Glenn Ahrens, OSU Forestry and Natural Resources Extension Agent – Clackamas, Marion, and Hood River Counties
Many family forest owners I meet have older trees and forests – 60 to 80 or more years old – and they would like to retain mature forest conditions. They are interested in periodic thinning, selective harvesting of trees or small patches, and keeping options open for the future. But landowners with larger older timber often hear that they are better off, from an economic and operational standpoint, to clearcut a patch and regenerate it all at once.
Clearcutting is efficient. Douglas-fir regenerates best in a clearing with lots of sun. If trees get too big, local markets for large logs may be limited…etc. But if you want to grow and retain mature forest characteristics, what are the options for managing older Douglas-fir forests with thinning and selective cutting rather than larger clearings?
We seek some answers to this question in our management of several demonstration areas at Hopkins Demonstration Forest. For example, our prominent “Hillside Forest” is about 25 acres of 80-90 year old second-growth forest that we have thinned three times since 1991. In this mature forest, a clearcut harvest to regenerate a new stand would be an effective, economically efficient harvest and regeneration method. It would help meet our ongoing need for revenue. On the other hand, Douglas-fir and western redcedar can be vigorous and productive for centuries and we can continue to generate some revenue with periodic thinning. So, we are re-considering the options and revising the management plan, seeking to clarify our objectives and develop a long-term strategy for the Hillside Forest.
After almost 30 years of management at Hopkins Demonstration Forest, we are taking stock of what we have learned about the challenges and benefits of thinning and selection cutting. Among the challenges are:
• Risk of damaging soil and trees due to repeated entry with machines in the forest.
• Introduction or stimulation of invasive weeds such as blackberry, geranium, etc.
• Competition from understory vegetation after thinning.
• High level of skill needed to fell large tall trees without excessive damage – to them or the trees being retained for the future.
• Need for permanent roads and skid trails throughout the stand in order to access the whole area for periodic thinning or selective removal.
• Risk that once trees are older and larger, you may be compelled (personally or socially) to protect them, thus reducing actual harvest rate from what was planned.
• Buyers for large logs from older trees are fewer and often farther away.
• If large limbs (knots) are allowed to develop, value is significantly degraded on big trees.
On the plus side, some potential benefits of continued thinning and selective cutting include:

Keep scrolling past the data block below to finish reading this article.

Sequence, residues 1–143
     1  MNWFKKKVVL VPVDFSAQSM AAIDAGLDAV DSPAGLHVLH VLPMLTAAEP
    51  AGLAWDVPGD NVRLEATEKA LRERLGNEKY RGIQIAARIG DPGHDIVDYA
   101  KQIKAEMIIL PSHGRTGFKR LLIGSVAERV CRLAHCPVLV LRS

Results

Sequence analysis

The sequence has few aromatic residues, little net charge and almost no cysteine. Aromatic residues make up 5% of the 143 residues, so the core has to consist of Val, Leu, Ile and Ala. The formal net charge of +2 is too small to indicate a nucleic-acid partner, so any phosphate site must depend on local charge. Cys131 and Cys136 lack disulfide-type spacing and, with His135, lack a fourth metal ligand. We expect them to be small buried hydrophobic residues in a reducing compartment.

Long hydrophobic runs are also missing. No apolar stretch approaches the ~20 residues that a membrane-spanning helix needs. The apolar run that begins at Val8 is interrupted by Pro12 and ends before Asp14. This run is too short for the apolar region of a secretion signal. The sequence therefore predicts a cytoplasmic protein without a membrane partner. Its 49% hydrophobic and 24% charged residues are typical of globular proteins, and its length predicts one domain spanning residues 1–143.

• Enjoying mature forest conditions, large trees, diverse species and layers, wildlife habitat, aesthetics, etc.
• Capturing some of the timber value for periodic income while increasing percentage growth rate in thinned stands.
• Avoided or reduced reforestation costs; avoided risks of regeneration failure.
• Maintaining healthy tree crowns and future options (to keep thinning)
• Producing some trees with higher value large sawlogs, poles, or veneer (if we get it right).
At Hopkins Demonstration Forest, we are in the process of addressing these challenges and pursuing the potential benefits. This fall we will be looking at the Hillside forest with some tried-and-true loggers to get their input on operational aspects. Our Forest Management Committee is looking at the current forest conditions and key questions such as:
Does it “need” thinning? Based on objective guidelines using average size of trees and number of trees per acre.
What is our current timber quality, log size, and log grade breakdown?
How do you manage maturing forests to produce higher quality stems and avoid degrade due to “oversize” diameter and large limbs?
How much of the ground is occupied by brush and hardwoods – how much is too much? What will it take to prevent excessive brush and invasive weeds after harvesting?
What are the trade-offs in costs and revenues for thinning vs. patch clearings?
Stay tuned for some answers in future articles on this topic. If you are interested in learning and sharing your knowledge about managing mature forests, please join us in our effort at Hopkins Demonstration Forest. Let me know if you are interested in helping with inventory, assessment, tree marking, and other tasks as we continue to study and manage the Hillside forest. email@example.com
See our Upcoming Events list to look for classes or field tours sharing results of what we have learned so far. Also, check out the Extension publications in our Alternative Forest Management Series highlighting other case studies of thinning and selective management of mature forests in Oregon.